Child-free zones are becoming a reality on some carriers
India-based budget carrier IndiGo is the latest airline to implement a separate area that restricts children below a certain age. Up to eight rows of seats on IndiGo's aircraft will be designated as child-free zones where children under the age of 12 will not be allowed to sit. The airline said in a statement to the press: "Keeping in mind the comfort and convenience of all passengers, row numbers one to four and 11 to 14 are generally kept as a Quiet Zone on IndiGo flights. These zones have been created for business travellers who prefer to use the quiet time to do their work."
The business flyer is the most sought-after passenger. Airlines build their premium products around these individuals who prefer to pay for comfort and often pay a premium for booking at the last minute. These so-called road warriors of the air can often be found filling business and first class seats and, when unable, they do their best to settle into to the best possible economy seats available. For airlines like IndiGo and Scoot Airlines of Singapore, the first to introduce child free zones, business flyers often find themselves among economy passengers who are more likely to travel with small children. Some passengers argue that children sometimes behave better than some adults (see our story on unruly passengers) and the practice of banning children from certain rows seems unfair and even discriminatory. The idea that keeping children away from certain rows will make a flight quieter seems to be more of a marketing scheme that a practical solution since a screaming child can probably be heard throughout an entire economy cabin. We've all been there.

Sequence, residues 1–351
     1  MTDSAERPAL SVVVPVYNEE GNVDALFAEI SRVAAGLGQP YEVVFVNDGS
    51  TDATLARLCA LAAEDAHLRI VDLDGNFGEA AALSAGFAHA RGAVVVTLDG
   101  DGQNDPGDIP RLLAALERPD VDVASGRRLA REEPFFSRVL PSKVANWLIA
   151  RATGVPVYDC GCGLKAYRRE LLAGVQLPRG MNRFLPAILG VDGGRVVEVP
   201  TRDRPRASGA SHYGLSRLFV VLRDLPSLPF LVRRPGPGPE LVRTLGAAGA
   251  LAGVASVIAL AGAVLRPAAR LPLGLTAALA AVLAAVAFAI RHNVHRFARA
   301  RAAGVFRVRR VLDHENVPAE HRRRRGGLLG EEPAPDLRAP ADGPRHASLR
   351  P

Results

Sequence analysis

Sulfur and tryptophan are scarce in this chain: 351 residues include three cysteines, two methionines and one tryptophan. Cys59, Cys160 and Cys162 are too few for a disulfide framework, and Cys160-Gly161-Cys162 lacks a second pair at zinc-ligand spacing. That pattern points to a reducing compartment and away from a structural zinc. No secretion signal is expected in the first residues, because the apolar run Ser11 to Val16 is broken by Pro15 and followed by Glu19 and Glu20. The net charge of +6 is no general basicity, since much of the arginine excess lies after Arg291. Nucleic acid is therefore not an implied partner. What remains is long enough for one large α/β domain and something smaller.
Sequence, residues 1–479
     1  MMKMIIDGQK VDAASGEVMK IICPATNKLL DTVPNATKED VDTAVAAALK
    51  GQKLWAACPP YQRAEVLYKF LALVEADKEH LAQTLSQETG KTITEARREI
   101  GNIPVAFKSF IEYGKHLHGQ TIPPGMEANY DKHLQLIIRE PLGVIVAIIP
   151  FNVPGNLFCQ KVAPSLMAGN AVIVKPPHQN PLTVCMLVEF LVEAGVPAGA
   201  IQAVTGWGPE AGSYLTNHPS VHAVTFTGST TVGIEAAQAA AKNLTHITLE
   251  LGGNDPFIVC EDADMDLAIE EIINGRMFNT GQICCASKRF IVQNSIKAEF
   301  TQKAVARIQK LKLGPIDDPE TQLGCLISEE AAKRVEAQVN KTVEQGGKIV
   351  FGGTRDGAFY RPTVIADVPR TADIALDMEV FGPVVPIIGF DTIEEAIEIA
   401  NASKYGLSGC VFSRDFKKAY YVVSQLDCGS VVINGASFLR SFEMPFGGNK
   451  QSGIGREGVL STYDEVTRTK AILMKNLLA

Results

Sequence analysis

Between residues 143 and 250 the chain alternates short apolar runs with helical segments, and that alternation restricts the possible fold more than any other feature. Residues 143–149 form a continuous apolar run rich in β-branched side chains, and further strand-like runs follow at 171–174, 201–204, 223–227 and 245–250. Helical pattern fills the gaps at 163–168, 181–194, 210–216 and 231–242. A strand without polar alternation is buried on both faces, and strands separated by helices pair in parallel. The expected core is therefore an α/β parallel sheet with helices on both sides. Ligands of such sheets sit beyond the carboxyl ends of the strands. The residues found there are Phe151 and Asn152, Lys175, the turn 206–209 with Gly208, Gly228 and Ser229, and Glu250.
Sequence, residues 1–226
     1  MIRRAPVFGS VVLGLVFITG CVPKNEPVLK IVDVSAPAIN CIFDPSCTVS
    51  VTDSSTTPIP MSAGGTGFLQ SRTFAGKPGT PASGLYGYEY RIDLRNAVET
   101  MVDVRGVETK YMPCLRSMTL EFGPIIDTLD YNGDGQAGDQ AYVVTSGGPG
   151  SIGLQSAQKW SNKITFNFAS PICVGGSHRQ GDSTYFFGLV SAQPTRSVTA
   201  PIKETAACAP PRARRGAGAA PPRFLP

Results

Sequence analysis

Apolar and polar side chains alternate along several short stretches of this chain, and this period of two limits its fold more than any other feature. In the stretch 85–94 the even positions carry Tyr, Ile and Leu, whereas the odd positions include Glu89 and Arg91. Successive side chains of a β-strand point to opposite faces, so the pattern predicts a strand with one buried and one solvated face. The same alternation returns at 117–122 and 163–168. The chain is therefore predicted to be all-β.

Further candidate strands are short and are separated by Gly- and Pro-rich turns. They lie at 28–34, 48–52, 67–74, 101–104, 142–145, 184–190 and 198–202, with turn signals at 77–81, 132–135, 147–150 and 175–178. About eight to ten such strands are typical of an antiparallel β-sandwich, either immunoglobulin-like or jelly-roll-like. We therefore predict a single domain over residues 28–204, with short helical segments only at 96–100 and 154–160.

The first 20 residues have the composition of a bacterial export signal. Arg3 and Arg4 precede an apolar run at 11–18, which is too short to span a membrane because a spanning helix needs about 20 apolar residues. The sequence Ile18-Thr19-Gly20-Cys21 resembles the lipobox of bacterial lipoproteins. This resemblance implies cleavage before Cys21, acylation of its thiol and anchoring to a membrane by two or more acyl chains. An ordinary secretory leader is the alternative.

Just like the debate over making mobile calls in flight heated up and cooled down over time, this issue too will likely pass. What is noteworthy though is the fact that airlines continue to sub-divide an already limited cabin space to accommodate a growing number of passenger classes. Witness the numerous boarding "zones" that airlines use to board an aircraft. In some cases, nearly half of the plane has boarded before the original main zones are called. You probably didn't realize how many numbers come before "1". Whether accommodations for child-free zones will be monetized down the line remains to be seen but one has to wonder: How many more "zones" can you create out of an over-sized cylinder with thinning seats and shrinking rows? Small children might be the ones to shout their objection to their situation, but be honest with yourself: You've probably felt like screaming too every now and then – just on the inside.